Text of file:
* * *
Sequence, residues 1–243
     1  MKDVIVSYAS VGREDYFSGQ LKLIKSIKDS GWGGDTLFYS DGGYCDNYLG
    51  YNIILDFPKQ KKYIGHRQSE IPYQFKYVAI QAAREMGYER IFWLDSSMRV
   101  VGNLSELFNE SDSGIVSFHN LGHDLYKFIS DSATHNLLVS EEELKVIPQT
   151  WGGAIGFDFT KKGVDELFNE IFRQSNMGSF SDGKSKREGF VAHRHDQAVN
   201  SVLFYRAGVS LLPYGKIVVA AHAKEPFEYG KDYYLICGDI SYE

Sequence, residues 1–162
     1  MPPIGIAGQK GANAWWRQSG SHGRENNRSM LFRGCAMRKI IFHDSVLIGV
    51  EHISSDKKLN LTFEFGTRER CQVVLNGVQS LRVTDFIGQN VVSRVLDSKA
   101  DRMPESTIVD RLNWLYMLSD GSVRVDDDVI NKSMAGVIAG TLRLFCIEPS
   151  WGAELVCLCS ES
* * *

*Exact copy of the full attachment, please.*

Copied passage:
Sequence, residues 1–243
     1  MKDVIVSYAS VGREDYFSGQ LKLIKSIKDS GWGGDTLFYS DGGYCDNYLG
    51  YNIILDFPKQ KKYIGHRQSE IPYQFKYVAI QAAREMGYER IFWLDSSMRV
   101  VGNLSELFNE SDSGIVSFHN LGHDLYKFIS DSATHNLLVS EEELKVIPQT
   151  WGGAIGFDFT KKGVDELFNE IFRQSNMGSF SDGKSKREGF VAHRHDQAVN
   201  SVLFYRAGVS LLPYGKIVVA AHAKEPFEYG KDYYLICGDI SYE

Sequence, residues 1–162
     1  MPPIGIAGQK GANAWWRQSG SHGRENNRSM LFRGCAMRKI IFHDSVLIGV
    51  EHISSDKKLN LTFEFGTRER CQVVLNGVQS LRVTDFIGQN VVSRVLDSKA
   101  DRMPESTIVD RLNWLYMLSD GSVRVDDDVI NKSMAGVIAG TLRLFCIEPS
   151  WGAELVCLCS ES